What the protests of the doctors did not achieve almost eight years ago, some circumstances of shortage of personnel that will be aggravated in the next years can get it now. The regional Ministry of Health of the Principality yesterday expressed its willingness to postpone the mandatory retirement age of doctors, currently set at the age of 65, to a maximum age of 70 in the specialties with greater shortage of physicians. Another option that the Health Administration is considering, which consists of increasing the volume of admissions at the University of Oviedo, is viewed reluctantly by academic authorities. "To form a MIR in Asturias does not mean that he/she is going to stay here", argued the dean of the Faculty, Alfonso López Muñiz.
"We are willing to relax the application of the regulation, giving priority to specialties such as general medicine, pediatrics, radiology, anesthesia, in which there are greater problems of coverage", Francisco del Busto, health regional minister, told this newspaper, confirming what the director general of Health Planning, Concepción Saavedra, had said a few hours before.
Del Busto expressed the intention of his Department to start a negotiation with the unions to give way to a situation anticipated by LA NUEVA ESPAÑA the day before yesterday, on Sunday: the shortage of doctors in Asturian public health, which according to the Principality will reach in the next years "critical" levels due to "the retirements of the first doctors trained at the University of Oviedo". The study by the Ministry of Health indicates that up 1300 doctors will retire before 2025, one-third of the total staff of doctors of the Sespa. The future shortage will, however, be uneven in some specialties.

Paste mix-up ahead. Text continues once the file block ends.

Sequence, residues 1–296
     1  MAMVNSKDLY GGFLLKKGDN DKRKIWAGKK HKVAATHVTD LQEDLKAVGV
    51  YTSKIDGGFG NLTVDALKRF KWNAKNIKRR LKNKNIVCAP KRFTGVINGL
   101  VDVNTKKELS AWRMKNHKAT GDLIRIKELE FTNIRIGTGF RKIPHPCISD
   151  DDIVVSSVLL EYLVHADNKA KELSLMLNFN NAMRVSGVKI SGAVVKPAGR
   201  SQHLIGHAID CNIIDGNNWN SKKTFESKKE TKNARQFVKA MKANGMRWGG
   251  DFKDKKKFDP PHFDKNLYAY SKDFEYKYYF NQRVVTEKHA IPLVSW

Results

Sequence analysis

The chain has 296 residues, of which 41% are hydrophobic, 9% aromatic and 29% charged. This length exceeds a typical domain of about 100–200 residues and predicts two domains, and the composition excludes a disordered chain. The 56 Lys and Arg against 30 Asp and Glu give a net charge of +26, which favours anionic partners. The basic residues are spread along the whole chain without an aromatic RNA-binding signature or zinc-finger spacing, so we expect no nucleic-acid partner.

Another solution studied by the Health Administration is focused on increasing the number of students of the Faculty of Medicine. But in this area the agreements can be more complex. This is because the University of Oviedo does not find this measure effective. "The offer of Asturias of MIR positions isn´t enough even for the doctors who finish the degree". According to López Muñiz, it is necessary to establish incentives that make it attractive for doctors to stay in the region. In any case, he reasoned, the approach must be made at the state level - "because the lack of doctors is a common problem in all regions" - and under a "serious and rigorous approach". Training a doctor is expensive, the dean of Medicine says, but it is more expensive to increase the number of admissions at the universities without matching them to the offer of MIR positions. López Muñiz warned that any decision in this line implies "a spending increase". For example, "we would have to call for more positions of teachers and doctors".
"The number of doctors who are trained in Spain is greater than the available MIR positions", Alfonso López Muñiz insisted, who stressed the importance of the increase from 24 to 41 faculties of medicine in a few years, from 4,000 to 7,000 physicians trained every year to dispute 6,000 MIR positions that are called every year in Spain.